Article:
Canada’s participation in the liberation of the Netherlands during the Second World War was the focus of the Remembrance Day ceremony at Lindsay Thurber Comprehensive High school on Monday.
Alberta’s Lt.-Gov. Lois Mitchell, who spoke at the event, said the people of the Netherlands have never forgotten what Canadian troops did 70 years ago.
Mitchell had a few numbers to help hit home just how important a part Canadian troops played.
During Nazi occupation, 234,000 Dutch citizens died, she said.
“That’s more than twice the population of Red Deer. Can you imagine losing an entire city — twice over,” Mitchell told hundreds of students and staff who gathered for the annual ceremony.
“During the long years the Netherlands suffered through occupation, people died of many causes, in concentration camps, via acts of war, and through forced labour. But they also died from hunger.”
The winter of 1944-45 was particularly harsh and became known as the “Hunger Winter” among the Dutch, she said.
“By then the daily ration for each citizen was 320 calories a day. The Canadian Food Guide suggests about 2,000 or more calories every day for teenagers. Imagine going for months with just 320 calories.
“Now imagine the sight of Canadian bombers flying above your town, dropping parcels of food. Imagine seeing Canadian troops marching down your streets, fighting to save your lives and telling you that the nightmare is finally over. That’s the gift that Canada gave the Netherlands 70 years ago.”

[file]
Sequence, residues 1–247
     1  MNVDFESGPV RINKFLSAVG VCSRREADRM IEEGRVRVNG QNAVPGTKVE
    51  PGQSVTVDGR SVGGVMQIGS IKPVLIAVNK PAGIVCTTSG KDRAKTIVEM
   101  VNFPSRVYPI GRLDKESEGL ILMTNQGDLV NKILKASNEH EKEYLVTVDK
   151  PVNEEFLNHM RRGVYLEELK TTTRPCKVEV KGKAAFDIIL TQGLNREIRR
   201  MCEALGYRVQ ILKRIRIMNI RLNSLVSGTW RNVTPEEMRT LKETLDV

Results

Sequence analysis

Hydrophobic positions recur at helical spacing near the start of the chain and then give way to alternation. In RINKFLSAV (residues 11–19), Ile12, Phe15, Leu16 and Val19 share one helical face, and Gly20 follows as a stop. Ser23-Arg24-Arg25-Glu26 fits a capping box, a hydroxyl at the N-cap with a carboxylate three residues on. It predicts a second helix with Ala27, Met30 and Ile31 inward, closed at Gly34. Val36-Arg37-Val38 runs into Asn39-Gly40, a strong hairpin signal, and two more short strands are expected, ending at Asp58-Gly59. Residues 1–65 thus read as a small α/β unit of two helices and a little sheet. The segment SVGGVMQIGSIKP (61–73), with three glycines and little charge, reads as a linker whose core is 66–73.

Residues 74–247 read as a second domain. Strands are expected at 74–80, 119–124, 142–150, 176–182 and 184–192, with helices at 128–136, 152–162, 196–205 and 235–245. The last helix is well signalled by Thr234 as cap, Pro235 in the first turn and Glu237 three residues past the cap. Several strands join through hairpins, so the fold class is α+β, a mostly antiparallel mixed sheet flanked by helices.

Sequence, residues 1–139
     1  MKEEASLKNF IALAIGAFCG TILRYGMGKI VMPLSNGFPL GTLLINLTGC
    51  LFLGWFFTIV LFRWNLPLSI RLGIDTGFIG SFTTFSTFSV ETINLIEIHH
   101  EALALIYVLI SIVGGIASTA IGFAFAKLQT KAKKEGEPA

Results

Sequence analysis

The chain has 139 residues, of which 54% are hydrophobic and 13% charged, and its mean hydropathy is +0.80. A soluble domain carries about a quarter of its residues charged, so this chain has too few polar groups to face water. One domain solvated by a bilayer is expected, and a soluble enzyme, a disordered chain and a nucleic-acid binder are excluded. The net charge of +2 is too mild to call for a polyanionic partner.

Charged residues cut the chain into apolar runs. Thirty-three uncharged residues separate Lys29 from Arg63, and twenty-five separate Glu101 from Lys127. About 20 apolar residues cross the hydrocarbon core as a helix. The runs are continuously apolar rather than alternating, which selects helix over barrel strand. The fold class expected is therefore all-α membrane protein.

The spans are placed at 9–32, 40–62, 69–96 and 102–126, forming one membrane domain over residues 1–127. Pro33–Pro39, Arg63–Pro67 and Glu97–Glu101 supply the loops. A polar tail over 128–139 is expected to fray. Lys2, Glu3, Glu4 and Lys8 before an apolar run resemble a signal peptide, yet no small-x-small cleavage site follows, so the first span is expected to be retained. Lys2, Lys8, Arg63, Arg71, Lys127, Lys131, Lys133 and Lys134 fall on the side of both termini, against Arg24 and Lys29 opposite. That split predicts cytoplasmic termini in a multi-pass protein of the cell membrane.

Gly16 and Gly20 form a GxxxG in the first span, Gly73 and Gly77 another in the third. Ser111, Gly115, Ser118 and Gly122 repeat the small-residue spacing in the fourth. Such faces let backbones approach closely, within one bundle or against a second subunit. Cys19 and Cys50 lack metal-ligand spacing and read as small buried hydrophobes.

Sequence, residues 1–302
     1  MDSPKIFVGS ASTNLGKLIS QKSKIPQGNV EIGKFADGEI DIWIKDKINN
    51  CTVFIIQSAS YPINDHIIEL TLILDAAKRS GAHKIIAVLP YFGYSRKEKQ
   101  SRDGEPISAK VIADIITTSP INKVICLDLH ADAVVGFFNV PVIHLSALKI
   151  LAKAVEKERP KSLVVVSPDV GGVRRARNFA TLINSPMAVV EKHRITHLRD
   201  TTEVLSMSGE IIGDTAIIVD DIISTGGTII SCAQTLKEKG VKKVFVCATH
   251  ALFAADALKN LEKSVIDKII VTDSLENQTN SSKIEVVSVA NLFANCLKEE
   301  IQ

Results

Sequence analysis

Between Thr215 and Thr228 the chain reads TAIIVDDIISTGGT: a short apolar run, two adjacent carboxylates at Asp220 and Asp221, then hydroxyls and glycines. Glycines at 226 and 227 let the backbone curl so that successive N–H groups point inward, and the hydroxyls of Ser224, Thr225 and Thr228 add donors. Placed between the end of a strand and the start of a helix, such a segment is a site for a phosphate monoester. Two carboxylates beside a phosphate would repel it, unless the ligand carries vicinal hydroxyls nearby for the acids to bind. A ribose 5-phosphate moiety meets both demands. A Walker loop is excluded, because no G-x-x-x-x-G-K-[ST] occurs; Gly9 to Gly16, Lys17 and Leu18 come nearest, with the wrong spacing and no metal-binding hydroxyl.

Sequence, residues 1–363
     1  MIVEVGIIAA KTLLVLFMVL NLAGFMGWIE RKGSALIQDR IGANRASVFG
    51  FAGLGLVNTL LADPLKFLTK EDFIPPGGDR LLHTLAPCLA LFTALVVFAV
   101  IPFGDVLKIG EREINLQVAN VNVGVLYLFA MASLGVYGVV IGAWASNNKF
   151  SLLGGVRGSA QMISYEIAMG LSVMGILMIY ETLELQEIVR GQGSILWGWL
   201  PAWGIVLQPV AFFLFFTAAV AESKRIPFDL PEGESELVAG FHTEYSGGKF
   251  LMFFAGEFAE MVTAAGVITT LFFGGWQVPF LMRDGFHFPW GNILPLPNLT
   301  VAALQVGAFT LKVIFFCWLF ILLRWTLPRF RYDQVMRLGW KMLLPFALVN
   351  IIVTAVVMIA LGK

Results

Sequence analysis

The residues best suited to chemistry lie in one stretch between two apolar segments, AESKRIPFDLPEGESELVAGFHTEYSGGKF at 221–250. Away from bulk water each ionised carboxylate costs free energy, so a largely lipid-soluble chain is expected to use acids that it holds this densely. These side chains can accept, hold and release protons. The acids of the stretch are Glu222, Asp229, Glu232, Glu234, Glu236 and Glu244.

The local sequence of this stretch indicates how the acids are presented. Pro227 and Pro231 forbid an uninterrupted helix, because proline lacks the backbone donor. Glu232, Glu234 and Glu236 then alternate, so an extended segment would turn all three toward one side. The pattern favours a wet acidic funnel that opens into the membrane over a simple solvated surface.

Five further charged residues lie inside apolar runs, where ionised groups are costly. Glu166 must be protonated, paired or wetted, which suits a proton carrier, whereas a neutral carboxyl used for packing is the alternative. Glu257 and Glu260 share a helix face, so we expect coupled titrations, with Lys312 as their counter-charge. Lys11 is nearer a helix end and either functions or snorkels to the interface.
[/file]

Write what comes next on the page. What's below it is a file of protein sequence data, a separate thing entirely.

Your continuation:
She said 7,600 Canadians died battling to free the Dutch.
“The people of the Netherlands have never forgotten the role that Canadians played in saving their country. It’s important that we remember it as well, just as you people do here today.”
Since October, Mitchell has attended many events leading up to Nov. 11 and she said Lindsay Thurber was likely the only high school she will visit.
While speaking to local media after the ceremony, the lieutenant-governor congratulated staff and students on their efforts to remember those who have made the ultimate sacrifice.
“I think there is a groundswell of young people that care and feel that they too can make a difference,” Mitchell said.
On Monday at West Park Elementary School in Red Deer, two Grade 5 classes operated a Remembrance Day Museum for fellow students, parents and the public.
About 50 students gathered information to set up displays and make posters about the wars and peacekeeping efforts involving Canadians.
Some students brought in artifacts and photos of family members who have served in the military.
At one of the exhibits, Grade 5 student Lillian Snowball wore white cotton gloves to pick up a gaiter, or ankle/shin guard, used in the First World War.
“They would put it over their ankles and shins so they didn’t get cuts. Because if that cut got infected while on duty, you would probably die. Even if it was just a scrape,” Snowball said.